geothermal power plant where fluid at temperatures greater than 182 degrees Celsius (360 degrees Fahrenheit) is pumped under high pressure into a tank held at a much lower pressure, causing some of the fluid to rapidly vaporize, or "flash." The vapor drives a turbine, which drives an electrical generator.
force produced by rubbing one thing against another.
geothermal energy Noun
heat energy generated within the Earth.
geothermal gradient Noun
gradual change in temperature from the Earth's core (hot) to its crust (cool), about 25 degrees Celsus per kilometer of depth/1 degree Fahrenheit per 70 feet of depth.
geothermal heat pump (GHP) Noun
heating or cooling system that pipes water in a continuous loop from wells drilled into the Earth through the space being heated or cooled, and back again.
natural hot spring that sometimes erupts with water or steam.
Encyclopedic Entry: geyser gravitational pull Noun
the physical attraction between two objects.
greenhouse gas Noun
gas in the atmosphere, such as carbon dioxide, methane, water vapor, and ozone, that absorbs solar heat reflected by the surface of the Earth, warming the atmosphere.
environment where an organism lives throughout the year or for shorter periods of time.
Encyclopedic Entry: habitat hot spring Noun
small flow of water flowing naturally from an underground water source heated by hot or molten rock.
related to hot water, especially water heated by the Earth's internal temperature.
wages, salary, or amount of money earned.
structures and facilities necessary for the functioning of a society, such as roads.
to set one thing or organism apart from others.
atom with an unbalanced number of neutrons in its nucleus, giving it a different atomic weight than other atoms of the same element.
molten rock, or magma, that erupts from volcanoes or fissures in the Earth's surface.
low-temperature geothermal energy Noun
heat obtained from underground fluids (usually water) of 150 degrees Celsius (300 degrees Fahrenheit) or less.
molten, or partially melted, rock beneath the Earth's surface.
Encyclopedic Entry: magma mantle Noun
middle layer of the Earth, made of mostly solid rock.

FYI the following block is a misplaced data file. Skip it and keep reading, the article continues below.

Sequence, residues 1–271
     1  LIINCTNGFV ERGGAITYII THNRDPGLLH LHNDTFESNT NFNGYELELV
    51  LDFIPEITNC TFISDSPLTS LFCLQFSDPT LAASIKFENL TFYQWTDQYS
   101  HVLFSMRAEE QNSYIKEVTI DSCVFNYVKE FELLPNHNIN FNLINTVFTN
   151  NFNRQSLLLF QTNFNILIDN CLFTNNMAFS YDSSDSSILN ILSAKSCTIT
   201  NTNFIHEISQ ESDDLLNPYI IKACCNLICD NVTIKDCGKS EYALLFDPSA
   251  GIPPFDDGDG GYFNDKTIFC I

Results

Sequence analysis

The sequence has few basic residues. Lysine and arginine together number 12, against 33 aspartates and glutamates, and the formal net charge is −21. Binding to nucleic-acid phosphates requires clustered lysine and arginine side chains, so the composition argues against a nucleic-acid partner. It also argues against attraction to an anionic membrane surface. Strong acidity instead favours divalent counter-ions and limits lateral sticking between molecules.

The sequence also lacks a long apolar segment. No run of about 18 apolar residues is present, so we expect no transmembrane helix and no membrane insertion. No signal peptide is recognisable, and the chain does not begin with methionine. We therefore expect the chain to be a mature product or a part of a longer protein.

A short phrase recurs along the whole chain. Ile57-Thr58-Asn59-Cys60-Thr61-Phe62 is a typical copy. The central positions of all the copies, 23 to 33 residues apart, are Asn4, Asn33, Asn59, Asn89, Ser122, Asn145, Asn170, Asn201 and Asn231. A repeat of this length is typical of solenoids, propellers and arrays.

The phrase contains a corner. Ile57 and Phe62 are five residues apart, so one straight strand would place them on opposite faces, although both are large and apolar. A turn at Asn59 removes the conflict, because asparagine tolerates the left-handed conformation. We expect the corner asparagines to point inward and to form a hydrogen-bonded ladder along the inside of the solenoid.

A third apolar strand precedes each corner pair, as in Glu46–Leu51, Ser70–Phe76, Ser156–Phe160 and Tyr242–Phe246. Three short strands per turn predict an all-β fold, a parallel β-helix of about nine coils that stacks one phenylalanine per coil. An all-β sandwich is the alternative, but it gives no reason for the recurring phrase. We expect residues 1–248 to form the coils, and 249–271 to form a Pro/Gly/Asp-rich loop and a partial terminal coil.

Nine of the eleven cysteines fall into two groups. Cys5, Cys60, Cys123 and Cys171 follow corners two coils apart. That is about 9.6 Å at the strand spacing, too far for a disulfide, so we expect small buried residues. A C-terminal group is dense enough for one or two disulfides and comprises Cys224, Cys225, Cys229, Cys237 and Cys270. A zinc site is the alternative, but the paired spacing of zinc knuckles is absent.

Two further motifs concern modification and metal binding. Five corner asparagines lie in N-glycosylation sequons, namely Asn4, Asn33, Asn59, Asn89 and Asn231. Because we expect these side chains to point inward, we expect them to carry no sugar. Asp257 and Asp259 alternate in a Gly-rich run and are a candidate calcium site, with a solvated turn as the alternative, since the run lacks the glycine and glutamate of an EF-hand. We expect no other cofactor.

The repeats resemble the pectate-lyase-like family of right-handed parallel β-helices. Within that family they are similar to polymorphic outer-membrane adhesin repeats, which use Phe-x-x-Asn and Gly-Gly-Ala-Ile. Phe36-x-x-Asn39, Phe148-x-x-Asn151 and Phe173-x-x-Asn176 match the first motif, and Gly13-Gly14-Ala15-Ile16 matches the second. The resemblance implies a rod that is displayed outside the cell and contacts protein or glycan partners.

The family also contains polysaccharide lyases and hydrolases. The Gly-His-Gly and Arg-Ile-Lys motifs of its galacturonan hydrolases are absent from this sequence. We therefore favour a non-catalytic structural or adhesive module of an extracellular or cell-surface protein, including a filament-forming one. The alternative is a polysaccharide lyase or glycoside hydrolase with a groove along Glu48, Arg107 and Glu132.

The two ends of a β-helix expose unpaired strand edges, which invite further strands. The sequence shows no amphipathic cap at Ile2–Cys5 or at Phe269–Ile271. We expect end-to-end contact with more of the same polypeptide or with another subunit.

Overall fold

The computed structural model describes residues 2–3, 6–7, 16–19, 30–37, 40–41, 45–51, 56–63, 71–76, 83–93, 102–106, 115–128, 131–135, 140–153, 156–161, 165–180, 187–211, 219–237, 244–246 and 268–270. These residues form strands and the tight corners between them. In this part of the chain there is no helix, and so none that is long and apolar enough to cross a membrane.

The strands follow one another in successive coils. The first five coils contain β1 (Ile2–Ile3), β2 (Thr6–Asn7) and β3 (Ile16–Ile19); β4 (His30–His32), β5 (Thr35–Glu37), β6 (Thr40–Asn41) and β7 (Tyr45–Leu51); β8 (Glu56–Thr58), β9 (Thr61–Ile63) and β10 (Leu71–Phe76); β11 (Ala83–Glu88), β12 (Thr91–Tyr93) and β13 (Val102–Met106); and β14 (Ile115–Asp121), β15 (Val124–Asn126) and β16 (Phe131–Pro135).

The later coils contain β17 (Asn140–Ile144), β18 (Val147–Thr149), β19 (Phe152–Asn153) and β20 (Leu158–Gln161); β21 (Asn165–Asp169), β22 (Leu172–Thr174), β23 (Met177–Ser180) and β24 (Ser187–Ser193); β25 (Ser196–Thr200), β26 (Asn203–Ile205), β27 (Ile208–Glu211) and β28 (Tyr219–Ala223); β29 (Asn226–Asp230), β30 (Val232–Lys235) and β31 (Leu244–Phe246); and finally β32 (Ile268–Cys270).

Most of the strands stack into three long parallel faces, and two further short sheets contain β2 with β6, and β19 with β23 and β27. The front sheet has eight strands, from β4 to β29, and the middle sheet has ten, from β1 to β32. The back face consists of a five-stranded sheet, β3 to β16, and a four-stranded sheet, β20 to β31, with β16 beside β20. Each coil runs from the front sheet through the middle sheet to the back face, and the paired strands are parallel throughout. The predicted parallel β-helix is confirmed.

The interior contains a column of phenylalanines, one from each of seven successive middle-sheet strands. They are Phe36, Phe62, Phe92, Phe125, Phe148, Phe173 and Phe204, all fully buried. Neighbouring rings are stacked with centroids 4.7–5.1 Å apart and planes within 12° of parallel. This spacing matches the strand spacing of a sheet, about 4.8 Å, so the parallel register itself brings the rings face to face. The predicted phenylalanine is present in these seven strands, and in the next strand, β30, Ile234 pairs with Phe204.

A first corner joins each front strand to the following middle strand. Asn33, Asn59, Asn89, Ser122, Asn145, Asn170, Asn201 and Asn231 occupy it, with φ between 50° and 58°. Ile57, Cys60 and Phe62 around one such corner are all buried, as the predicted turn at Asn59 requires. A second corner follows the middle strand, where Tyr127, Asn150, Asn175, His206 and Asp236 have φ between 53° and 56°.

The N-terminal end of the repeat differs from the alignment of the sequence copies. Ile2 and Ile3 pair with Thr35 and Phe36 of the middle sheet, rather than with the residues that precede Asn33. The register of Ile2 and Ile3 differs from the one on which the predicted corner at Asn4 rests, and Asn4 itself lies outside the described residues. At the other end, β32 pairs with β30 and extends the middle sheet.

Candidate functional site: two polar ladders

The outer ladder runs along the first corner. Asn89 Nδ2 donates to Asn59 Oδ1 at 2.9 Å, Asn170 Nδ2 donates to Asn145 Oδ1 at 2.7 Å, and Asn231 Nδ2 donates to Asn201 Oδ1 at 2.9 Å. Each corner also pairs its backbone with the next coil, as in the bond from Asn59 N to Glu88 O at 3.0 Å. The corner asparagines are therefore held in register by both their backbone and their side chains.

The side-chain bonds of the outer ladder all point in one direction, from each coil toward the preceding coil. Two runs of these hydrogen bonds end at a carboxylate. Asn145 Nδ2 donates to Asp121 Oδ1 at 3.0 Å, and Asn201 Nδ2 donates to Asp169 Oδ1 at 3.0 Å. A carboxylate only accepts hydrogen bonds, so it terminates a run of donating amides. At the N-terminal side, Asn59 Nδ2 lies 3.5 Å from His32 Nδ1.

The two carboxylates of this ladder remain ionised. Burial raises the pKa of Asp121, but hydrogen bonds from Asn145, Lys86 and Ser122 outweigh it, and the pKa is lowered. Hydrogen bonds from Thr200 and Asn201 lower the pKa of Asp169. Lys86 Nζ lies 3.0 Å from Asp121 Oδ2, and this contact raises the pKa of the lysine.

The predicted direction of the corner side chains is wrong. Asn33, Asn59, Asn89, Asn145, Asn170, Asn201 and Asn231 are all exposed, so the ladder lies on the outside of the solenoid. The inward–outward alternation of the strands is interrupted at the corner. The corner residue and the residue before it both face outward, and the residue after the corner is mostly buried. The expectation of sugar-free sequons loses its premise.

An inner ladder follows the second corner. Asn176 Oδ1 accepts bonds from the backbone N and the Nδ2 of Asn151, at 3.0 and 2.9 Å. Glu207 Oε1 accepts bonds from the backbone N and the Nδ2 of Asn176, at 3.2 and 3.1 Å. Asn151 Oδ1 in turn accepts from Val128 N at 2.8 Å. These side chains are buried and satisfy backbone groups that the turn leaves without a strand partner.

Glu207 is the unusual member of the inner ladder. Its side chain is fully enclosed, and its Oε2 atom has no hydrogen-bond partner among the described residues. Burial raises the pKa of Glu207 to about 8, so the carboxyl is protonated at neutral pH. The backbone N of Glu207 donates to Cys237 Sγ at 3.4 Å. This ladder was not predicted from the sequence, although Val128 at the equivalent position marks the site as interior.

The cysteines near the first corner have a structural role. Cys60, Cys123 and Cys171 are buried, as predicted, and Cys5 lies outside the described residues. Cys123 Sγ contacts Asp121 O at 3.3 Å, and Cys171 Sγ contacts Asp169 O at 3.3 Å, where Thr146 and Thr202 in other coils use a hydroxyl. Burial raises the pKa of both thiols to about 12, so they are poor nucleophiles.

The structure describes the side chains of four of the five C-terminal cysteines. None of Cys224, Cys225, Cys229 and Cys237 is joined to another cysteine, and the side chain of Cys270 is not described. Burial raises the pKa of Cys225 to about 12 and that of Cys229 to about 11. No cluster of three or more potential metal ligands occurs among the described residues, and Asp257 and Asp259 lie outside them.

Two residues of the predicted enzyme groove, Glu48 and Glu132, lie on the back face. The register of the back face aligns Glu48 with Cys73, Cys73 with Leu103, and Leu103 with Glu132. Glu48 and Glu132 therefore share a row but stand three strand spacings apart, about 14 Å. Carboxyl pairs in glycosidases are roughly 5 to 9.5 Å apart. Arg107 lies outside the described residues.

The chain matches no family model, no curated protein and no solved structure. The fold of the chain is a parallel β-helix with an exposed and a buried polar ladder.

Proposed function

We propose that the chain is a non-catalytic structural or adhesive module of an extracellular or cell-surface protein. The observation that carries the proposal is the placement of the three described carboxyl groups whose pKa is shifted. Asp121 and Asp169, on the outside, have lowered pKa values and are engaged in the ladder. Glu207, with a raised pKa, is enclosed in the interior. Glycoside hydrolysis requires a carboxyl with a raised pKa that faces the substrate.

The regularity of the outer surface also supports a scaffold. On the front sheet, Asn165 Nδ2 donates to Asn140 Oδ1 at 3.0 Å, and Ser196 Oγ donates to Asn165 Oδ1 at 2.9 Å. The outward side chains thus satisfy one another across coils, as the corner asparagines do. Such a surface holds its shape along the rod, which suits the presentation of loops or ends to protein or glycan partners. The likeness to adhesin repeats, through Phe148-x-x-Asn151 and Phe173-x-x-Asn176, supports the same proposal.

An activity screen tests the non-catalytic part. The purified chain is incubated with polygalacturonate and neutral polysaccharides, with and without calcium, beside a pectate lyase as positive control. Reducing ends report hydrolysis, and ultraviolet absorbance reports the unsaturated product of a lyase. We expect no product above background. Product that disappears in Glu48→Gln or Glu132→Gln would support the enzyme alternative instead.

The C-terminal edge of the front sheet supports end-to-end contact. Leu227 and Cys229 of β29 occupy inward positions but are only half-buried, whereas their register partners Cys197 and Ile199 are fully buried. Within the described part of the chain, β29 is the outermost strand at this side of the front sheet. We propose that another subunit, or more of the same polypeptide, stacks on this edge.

Encyclopedic Entry: mantle mud pot Noun
natural spring filled with hot, bubbling mud.
Native American Noun
person whose ancestors were native inhabitants of North or South America. Native American usually does not include Eskimo or Hawaiian people.
natural gas Noun
type of fossil fuel made up mostly of the gas methane.
Encyclopedic Entry: natural gas neutron Noun
particle in an atom having no electrical charge.
allowing liquid and gases to pass through.
fossil fuel formed from the remains of ancient organisms. Also called crude oil.
able to convert solar radiation to electrical energy.
able to be easily transported from one place to another.
having unstable atomic nuclei and emitting subatomic particles and radiation.
to recover from an injury or strenuous activity.
public land set aside to protect native wildlife.
renewable resource Noun
resource that can replenish itself at a similar rate to its use by people.
Ring of Fire Noun
horseshoe-shaped string of volcanoes and earthquake sites around edges of the Pacific Ocean.
Encyclopedic Entry: Ring of Fire sophisticated Adjective
knowledgeable or complex.
facility, usually with mineral hot springs, offering health benefits.
to heat something by placing it over boiling water.
sinking or lowering of the Earth's surface, either by natural or man-made processes.
the science of using tools and complex machines to make human life easier or more profitable.
machine that captures the energy of a moving fluid, such as air or water.
crack in the Earth's crust that spews hot gases and mineral-rich water.
wind energy Noun
energy produced by the movement of air, and converted into electricity.